I have a billion things to do. Oh and I’m running in a 5K in a week. If I could do web development while running, I would.
Cambridge, UK: Polity Press. [Library Catalog Entry | Posted to “Course Materials” on Blackboard], Lavais says, “In examining how adolescents search the web, one research study (Guinee, Eagleton, & Hall 2003) noted their reactions to failed searches. Searchers might try new keywords, or switch search engines, for example. One common reaction was to change the topic, to reframe the question in terms of what was more easily findable via the search engine. The models of search suggest that searchers satisfice: look for sufficiently good answers rather than exhaustively seek the best answer. Because of this, the filters of the search engine may do more than emphasize certain sources over others; they may affect what it is we are looking for in the first place. It is tempting simply to consider this to be poor research skills – or worse, a form of technical illiteracy – but simple answers do not fit this complex problem.” (Page 87)
Whether we search for a local pizza parlor or the best place to go on vacation or for a gynecologist, search engine rankings and how webmasters address Google’s complicated algorithm all shape what we see. Inevitably, we end up trusting these results. Yet are they the best possible results? I would argue that they often are not.
Bestsellers and White Hats That Might Be a Little Grey
I went through the first ten pages of results (further along than most seekers would) and didn’t see JK Rowling, George RR Martin, or Stephen King. I do not believe it is search fraud or any other form of black hat SEO. As was written by Battelle, J. (2005). The search economy. In The search: How Google and its rivals rewrote the rules of business and transformed our culture (pp. 153-188). New York: Portfolio. [Posted to “Course Materials” on Blackboard], “Among the first-tier companies – Google, Yahoo, Microsoft – search fraud is already taken extremely seriously, and efforts to combat it are intensifying. ‘We’ll never rum a blind eye to this,’ says Patrick Giordani, who runs loss prevention at Yahoo’s Overture subsidiary. ‘Our goal is to stop it all.’” (Page 188). Like I wrote, I don’t think that’s what is happening here.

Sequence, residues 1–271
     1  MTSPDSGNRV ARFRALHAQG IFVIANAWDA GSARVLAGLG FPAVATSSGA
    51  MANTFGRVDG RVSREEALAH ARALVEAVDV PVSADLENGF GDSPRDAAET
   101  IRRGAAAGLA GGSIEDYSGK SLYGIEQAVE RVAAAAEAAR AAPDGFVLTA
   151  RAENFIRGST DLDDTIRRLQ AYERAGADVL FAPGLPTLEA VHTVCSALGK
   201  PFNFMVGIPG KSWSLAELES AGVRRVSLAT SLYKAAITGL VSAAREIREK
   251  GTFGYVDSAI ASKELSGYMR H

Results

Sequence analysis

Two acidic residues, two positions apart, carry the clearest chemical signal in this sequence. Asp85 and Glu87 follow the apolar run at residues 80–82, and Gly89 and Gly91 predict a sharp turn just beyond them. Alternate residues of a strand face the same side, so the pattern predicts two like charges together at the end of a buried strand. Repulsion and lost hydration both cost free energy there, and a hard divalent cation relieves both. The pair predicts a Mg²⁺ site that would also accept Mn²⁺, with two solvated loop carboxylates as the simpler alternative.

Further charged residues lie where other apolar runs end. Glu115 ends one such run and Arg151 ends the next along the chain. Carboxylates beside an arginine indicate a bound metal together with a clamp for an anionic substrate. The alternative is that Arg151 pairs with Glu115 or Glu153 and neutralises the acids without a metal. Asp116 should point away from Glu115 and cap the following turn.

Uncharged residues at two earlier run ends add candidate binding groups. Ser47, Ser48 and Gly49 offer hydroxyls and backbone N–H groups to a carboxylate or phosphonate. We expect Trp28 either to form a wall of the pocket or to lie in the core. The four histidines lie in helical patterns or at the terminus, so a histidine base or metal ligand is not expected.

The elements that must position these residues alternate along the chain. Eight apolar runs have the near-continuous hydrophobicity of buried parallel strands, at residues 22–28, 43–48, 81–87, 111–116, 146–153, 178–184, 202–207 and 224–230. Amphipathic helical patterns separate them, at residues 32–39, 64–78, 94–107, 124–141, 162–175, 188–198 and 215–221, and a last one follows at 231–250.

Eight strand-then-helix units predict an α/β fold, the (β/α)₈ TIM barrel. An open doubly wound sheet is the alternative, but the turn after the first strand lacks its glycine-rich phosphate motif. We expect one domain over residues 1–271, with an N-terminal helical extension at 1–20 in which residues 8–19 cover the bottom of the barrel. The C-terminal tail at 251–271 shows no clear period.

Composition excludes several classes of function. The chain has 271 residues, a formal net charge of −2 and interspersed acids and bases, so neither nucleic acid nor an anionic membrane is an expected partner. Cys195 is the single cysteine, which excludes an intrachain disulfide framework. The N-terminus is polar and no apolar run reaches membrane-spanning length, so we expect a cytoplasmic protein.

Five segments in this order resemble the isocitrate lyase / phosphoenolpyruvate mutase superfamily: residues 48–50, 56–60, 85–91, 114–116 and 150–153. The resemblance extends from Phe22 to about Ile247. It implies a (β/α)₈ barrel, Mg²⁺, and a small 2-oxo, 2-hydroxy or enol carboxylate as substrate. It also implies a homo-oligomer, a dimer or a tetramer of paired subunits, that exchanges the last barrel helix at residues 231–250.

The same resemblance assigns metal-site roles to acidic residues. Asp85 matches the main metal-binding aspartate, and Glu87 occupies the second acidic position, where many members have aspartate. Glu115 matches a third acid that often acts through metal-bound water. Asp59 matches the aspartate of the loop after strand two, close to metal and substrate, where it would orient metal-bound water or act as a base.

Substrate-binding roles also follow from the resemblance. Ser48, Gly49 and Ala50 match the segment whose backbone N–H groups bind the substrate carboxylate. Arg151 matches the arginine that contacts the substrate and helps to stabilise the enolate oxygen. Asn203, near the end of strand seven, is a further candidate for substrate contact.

Getting There is Half the Battle?
If Phillips can get to the top of search rankings, then more power to her, assuming that she gets there using white hat techniques only. But just because she hits the top of the search results says nothing about the quality of her prose or even the number of times she’s hit the New York Times bestseller list.
The New York Times bestseller list was, for years, considered to be an objective measurement of popularity. But not necessarily quality. However, when EL James (author of Fifty Shades of Grey) doesn’t make it to the top ten pages of search results, that means something. When Phillips gets there via search engine magic, it says more about the quality of her SEO than of her fiction writing. For seekers who accept the first few results without question (albeit possibly after rewording their searches a few times), the algorithm pushes content to them that isn’t necessarily truly serving their interests. And, much like we saw with recommender systems, that might even be driving users’ reviews and maybe even their personal preferences.